When we flip the switch and go the other way from the previous video test and write a single video file to the storage deice, the GR5630-WSB3 manages throughput around 30MB/s on the faster USB 3.0 and eSATA connections. While this puts it ahead of three of the NAS units, it barely beat two of them and trailed the QNAP TS-509 by a wide margin.
HD Playback and Record (higher is better)
The HD Video Playback and Record test combines the two previous tests and reads and writes a HD 720p video file simultaneously.
Content Creation (Higher is better)
This test simulates content creation on the storage device, such as might occur when rendering a video. There are 99 files used and is composed of 95% write operations with up to 64kb block sizes and consists of 39.1% sequential operations.
The GR5630-WSB3 met its Waterloo in the form of the Content Creation test, where the graph speaks for itself. One of the arguments you hear for DAS devices is the increased speed when working with large files, such as those found in rendering video. Well, you might want to reassess that, at least in terms of the GR5630-WSB3.
Office Productivity (higher is better)
The Office Productivity test is roughly evenly distributed between read and write operations, using 607 small files consisting of 1KB and 4KB reads, and mostly 1KB writes.
The GR5630-WSB3 gained a little redemption in the brutal Office Productivity test with eSATA and USB 3.0 throughput in the 21-23MB/s range. That was enough to keep it in the game, but not enough to take the lead from the Thecus N3200XXX or the QNAP TS-509.
File Copy to NAS (Higher is better)
The File Copy test copies a single large file to the storage unit using 100% sequential 64kb write operations.
Copying a single large file to the DAS unit results in throughput from 19-22MBs, or a little bit less if you only have a USB 2.0 connection available. That still leaves the GR5630-WSB3 trailing three of the four NAS units.
File Copy From NAS
This test reads the single large (1.4GB) file from the File Copy test from the storage device using 64kb read operations.
Copying that same large file from the DAS puts the GR5630-WSB3 clearly in the lead with the USB 3.0 connection racking up throughput of 87.6MB/s and the eSATA coming in around 63MB/s.
Dir Copy to NAS (Higher is better)
This test copies a directory structure with 126 files to the NAS device using predominantly 64kb writes, but also includes a wide distribution under 16kb.
Copying a directory of files to the DAS shows even performance across the three connection types, which at around 6MB/s or less, was not good enough to win against the top three NAS units.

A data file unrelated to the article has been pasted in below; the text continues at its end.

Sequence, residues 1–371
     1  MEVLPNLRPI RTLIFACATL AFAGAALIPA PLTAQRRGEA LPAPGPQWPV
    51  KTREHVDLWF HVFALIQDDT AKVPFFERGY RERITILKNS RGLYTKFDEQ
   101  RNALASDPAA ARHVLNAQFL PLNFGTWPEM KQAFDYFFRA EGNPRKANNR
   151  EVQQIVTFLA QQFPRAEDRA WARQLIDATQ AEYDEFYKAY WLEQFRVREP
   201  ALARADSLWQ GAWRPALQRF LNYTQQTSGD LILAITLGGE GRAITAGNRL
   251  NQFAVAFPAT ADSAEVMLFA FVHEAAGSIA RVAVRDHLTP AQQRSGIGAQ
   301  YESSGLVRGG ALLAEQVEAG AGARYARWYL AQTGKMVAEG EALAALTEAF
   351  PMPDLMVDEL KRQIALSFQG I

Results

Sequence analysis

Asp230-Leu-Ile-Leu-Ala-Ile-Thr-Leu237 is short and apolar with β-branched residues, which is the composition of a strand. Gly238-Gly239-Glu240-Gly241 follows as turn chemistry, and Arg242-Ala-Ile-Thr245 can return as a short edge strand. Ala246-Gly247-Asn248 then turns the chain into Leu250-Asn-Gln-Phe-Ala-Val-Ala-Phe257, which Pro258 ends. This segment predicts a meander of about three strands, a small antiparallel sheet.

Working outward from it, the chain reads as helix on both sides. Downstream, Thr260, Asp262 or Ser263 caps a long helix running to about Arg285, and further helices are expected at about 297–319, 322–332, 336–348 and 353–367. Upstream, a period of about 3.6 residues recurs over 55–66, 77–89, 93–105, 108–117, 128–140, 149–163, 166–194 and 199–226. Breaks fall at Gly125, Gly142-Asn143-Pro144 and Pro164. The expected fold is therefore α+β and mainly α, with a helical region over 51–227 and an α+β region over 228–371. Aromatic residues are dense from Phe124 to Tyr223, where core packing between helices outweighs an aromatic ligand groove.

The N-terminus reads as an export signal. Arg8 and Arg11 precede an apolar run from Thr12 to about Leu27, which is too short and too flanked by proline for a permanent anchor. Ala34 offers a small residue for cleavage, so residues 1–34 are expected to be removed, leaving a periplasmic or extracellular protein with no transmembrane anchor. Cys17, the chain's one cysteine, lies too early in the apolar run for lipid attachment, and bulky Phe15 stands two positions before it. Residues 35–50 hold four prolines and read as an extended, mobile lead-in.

Dir Copy From NAS (Higher is better)
This test copies the same directory structure of 126 files from the storage device using 64kb reads.
It seems as if reads are where the GR5630-WSB3 does best, as the DAS unit achieves up to 30MB/s via the eSATA connection. The USB 3.0 reached 26.5MB/s, which was enough to beat the comparison units. Even the USB 2.0 connection was able to beat two units and almost tie the Synology DS408.
Photo Album (Higher is better)
The Photo Album test simulates the viewing of 169 photo files of various sizes stored on the storage unit and consists of 100% read operations.
The Photo Album test consists of 100% read operations and the GR5630-WSB3 once again outperforms the competition.
The perception that direct-attached storage is generally faster than network storage was upheld when we ran the file systems benchmark in SiSoft Sandra. The same seems to be supported when we look at the NAS Performance Toolkit results – but only if you limit those tests to pure read operations. In mixed read/write tests and those tests involving heavy-duty writes, the GR5630-WSB3 clearly couldn't beat the top three NAS units on a consistent basis. Nowhere was that more obvious than in the Content Creation test, where the GR5630-WSB3 turned in the lowest scores we've seen on any unit we've tested.
Normally we look at the cooling and power consumption numbers at this point in the review. However, without any monitoring utility for the GR5630-WSB3, we do not have access to any system temperature information, nor can we look at drive temperatures via S.M.A.R.T. results as we are used to with the NAS units we've reviewed. That just leaves us with the power consumption performance, which we can measure using a power meter.